FILED: September 27, 2006
IN THE COURT OF APPEALS OF THE STATE OF OREGON
STATE OF OREGON,
CHARLES RAY EADES, JR.,
Appeal from Circuit Court, Josephine County.
Gerald C. Neufeld, Senior Judge.
Submitted on record and briefs February 22, 2006.
Peter A. Ozanne, Executive Director, Peter Gartlan, Chief Defender, and Jennelle Meeks Barton, Deputy Public Defender, Office of Public Defense Services, filed the brief for appellant.
Hardy Myers, Attorney General, Mary H. Williams, Solicitor General, and Katherine H. Waldo, Senior Assistant Attorney General, filed the brief for respondent.
Before Landau, Presiding Judge, and Schuman* and Ortega, Judges.
LANDAU, P. J.
*Schuman, J., vice Ceniceros, S. J.
LANDAU, P. J.
Defendant was convicted of felony driving under the influence of intoxicants (DUII). ORS 813.010. The trial court sentenced him to 30 months' imprisonment plus 24 months' post-prison supervision and ordered him to pay a $2,000 fine. Defendant appeals, challenging the lawfulness of his sentence in several respects. We affirm.
Defendant first contends that the trial court erred in counting his prior DUII convictions when calculating his criminal history score for sentencing purposes, as it already had counted those prior convictions as elements of the felony DUII charge. We decided precisely that issue adversely to defendant in State v. McCoin , 190 Or App 532, 79 P3d 342 (2003), rev den , 336 Or 422 (2004). Defendant argues that McCoin was wrongly decided. We decline the invitation to reconsider the decision.
Defendant next contends that the trial court erred in imposing a fine of $2,000. According to defendant, ORS 813.010(6)(c) authorizes the imposition of such a fine only if a defendant is not sentenced to a term of imprisonment. Defendant acknowledged that he did not preserve the objection but urges us to review it as plain error.
We may review an unpreserved claim of error only if it qualifies as an "error apparent on the face of the record," ORAP 5.45(1), also known as "plain error." State v. Terry , 333 Or 163, 180, 37 P3d 157 (2001). An error may be regarded as "plain" if it is an error of law, appears on the face of the record, and is "obvious, not reasonably in dispute." Ailes v. Portland Meadows, Inc. , 312 Or 376, 381-82, 823 P2d 956 (1991). If the error qualifies as "plain," we must then determine whether it is appropriate under the circumstances to exercise our discretion to correct it. State v. Gornick , 340 Or 160, 166, 130 P3d 780 (2006).
In this case, the purported error is one of law; it is purely a matter of statutory construction. Moreover, it appears on the face of the record. It is not, however, obvious or beyond reasonable dispute.
ORS 813.010(6) provides:
"In addition to any other sentence that may be imposed, the court shall impose a fine on a person convicted of driving while under the influence of intoxicants as follows:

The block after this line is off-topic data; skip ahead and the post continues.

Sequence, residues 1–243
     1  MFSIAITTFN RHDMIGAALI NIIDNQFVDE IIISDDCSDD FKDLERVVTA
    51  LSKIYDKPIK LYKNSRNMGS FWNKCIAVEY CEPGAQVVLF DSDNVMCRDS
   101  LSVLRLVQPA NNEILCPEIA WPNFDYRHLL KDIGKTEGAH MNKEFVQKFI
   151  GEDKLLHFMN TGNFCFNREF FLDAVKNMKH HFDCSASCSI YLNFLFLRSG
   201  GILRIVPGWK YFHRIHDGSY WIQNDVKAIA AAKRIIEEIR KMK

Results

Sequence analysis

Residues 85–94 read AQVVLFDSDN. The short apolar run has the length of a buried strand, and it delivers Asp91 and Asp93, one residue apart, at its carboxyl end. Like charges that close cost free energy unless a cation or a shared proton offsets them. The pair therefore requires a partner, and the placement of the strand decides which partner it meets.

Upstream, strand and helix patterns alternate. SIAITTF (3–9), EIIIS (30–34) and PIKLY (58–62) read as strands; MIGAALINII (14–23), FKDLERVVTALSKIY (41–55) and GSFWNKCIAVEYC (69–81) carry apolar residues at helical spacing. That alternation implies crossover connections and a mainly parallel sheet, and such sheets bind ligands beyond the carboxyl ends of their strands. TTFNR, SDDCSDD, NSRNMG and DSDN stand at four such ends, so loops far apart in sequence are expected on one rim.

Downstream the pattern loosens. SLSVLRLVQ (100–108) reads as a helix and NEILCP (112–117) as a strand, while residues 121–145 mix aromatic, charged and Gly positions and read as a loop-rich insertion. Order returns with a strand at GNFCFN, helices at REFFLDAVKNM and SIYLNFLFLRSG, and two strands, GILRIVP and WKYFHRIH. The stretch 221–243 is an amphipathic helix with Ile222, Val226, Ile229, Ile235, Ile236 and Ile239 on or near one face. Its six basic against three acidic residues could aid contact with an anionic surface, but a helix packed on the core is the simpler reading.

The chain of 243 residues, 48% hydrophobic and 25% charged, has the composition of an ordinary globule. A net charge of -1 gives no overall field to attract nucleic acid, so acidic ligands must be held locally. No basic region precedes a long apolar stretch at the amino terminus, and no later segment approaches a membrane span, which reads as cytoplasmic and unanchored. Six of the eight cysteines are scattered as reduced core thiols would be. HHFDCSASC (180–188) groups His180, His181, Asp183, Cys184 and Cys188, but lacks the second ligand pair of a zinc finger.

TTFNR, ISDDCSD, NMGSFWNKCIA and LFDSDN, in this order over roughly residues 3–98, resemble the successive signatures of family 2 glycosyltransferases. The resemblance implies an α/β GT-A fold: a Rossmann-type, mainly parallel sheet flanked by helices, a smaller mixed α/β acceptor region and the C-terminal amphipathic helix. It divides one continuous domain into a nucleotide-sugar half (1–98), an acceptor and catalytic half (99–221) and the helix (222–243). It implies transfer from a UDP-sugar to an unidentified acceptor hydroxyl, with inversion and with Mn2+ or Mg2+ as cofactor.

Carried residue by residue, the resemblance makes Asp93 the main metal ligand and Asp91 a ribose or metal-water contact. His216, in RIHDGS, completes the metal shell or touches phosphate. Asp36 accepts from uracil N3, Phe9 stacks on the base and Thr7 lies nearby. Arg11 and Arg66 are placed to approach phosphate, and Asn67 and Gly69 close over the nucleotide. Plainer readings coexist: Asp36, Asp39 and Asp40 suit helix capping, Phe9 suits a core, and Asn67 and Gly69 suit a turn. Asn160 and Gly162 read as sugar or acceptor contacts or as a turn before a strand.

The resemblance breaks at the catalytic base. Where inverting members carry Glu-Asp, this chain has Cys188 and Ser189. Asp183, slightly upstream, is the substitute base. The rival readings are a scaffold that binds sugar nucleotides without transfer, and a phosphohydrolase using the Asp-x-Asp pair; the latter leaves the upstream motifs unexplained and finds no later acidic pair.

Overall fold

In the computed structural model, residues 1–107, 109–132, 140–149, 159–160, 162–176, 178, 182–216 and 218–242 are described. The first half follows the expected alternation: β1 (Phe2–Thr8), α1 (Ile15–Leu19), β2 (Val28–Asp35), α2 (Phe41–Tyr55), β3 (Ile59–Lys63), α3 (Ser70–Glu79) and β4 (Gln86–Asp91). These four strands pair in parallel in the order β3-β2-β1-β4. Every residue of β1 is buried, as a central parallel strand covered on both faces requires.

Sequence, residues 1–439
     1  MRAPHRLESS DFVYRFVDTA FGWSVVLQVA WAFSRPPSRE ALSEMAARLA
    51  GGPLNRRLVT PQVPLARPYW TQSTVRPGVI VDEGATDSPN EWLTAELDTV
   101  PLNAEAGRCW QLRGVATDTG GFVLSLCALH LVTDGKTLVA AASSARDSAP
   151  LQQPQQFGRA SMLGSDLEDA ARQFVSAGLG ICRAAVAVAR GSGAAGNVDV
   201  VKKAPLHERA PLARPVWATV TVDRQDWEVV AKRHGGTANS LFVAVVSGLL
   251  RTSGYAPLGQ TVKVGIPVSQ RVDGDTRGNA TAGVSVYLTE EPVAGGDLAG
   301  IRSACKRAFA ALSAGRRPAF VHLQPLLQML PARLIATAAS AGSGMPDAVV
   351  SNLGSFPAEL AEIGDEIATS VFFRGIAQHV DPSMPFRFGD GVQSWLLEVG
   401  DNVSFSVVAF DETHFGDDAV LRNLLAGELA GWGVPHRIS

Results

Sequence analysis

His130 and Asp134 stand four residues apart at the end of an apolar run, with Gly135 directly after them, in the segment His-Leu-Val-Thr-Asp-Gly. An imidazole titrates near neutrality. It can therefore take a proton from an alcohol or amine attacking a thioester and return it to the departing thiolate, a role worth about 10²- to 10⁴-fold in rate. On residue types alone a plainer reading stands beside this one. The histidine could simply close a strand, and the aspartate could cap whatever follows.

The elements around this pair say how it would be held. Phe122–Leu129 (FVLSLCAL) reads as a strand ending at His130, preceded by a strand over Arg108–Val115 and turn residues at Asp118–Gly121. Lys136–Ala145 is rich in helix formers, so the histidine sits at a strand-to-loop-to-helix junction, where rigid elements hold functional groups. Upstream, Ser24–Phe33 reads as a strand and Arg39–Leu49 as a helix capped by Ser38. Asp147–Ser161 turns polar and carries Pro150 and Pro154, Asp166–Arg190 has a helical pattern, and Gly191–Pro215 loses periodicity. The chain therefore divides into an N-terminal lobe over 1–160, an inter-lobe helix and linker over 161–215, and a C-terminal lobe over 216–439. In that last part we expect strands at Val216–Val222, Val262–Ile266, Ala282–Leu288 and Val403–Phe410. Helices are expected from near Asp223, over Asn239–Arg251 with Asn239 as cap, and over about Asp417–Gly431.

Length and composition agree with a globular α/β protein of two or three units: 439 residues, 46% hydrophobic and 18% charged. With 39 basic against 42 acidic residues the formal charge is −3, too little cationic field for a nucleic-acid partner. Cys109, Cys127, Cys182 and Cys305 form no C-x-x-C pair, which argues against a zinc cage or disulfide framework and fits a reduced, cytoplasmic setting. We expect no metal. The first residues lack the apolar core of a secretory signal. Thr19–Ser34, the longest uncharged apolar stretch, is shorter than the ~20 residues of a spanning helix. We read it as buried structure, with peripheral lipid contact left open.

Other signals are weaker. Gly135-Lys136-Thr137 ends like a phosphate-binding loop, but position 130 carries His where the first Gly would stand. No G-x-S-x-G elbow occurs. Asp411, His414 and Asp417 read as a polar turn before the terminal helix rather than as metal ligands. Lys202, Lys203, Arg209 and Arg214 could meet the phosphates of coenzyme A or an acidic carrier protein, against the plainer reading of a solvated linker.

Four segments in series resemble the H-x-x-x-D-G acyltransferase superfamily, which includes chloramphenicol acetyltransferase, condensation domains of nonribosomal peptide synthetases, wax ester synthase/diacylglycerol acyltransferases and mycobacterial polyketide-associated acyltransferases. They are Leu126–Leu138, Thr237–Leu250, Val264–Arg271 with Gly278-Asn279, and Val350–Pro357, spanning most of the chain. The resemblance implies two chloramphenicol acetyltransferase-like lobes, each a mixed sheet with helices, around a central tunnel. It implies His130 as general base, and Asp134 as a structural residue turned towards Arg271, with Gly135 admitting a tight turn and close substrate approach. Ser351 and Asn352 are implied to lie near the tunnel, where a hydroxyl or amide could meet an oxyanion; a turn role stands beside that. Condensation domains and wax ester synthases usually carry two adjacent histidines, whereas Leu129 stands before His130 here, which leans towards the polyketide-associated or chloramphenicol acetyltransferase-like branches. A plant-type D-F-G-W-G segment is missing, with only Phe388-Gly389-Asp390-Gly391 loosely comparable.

"(a) For a person's first conviction, a minimum of $1,000.
"(b) For a person's second conviction, a minimum of $1,500.
"(c) For a person's third or subsequent conviction, a minimum of $2,000 if the person is not sentenced to a term of imprisonment."
Defendant acknowledges that--at least if we reject his other assignments of error--this was his "third or subsequent conviction" for DUII. He nevertheless argues that the trial court plainly lacked authority to impose a fine of $2,000 because the statute authorizes the imposition of such a fine only "if the person is not sentenced to a term of imprisonment." (Emphasis added.) In this case, defendant argues, the trial court could not lawfully impose a fine because the court already had sentenced him to 30 months' imprisonment.
The statute, however, refers to minimum fines that a court is required to impose. Moreover, it states that those minimum fines are "[i]n addition to any other sentence that may be imposed[.]" The version of ORS 161.625 in effect at the time that defendant committed his offense provided that the trial courts are authorized to impose up to a $100,000 fine for any Class C felony, which includes felony DUII. At the very least, the foregoing statutes may be read reasonably to suggest that the trial court in this case was authorized, but not required, to impose the $2,000 fine. Accordingly, there is no "plain" error.
Defendant finally contends that the court erred in finding that he is ineligible for temporary leave, earned time sentence reductions, early and work release, or other forms of sentence modification on his felony DUII sentence. He argues that the trial court's determination runs afoul of Blakely v. Washington , 542 US 296, 124 S Ct 2531, 159 L Ed 2d 403 (2004), and Apprendi v. New Jersey , 530 US 466, 120 S Ct 2348, 147 L Ed 2d 435 (2000). He acknowledges that he did not preserve that contention, but he asks that we review it as plain error. Our opinion in State v. Clark , 205 Or App 338, 134 P3d 1074, rev den , 341 Or 245 (2006), is dispositive of that contention adversely to defendant.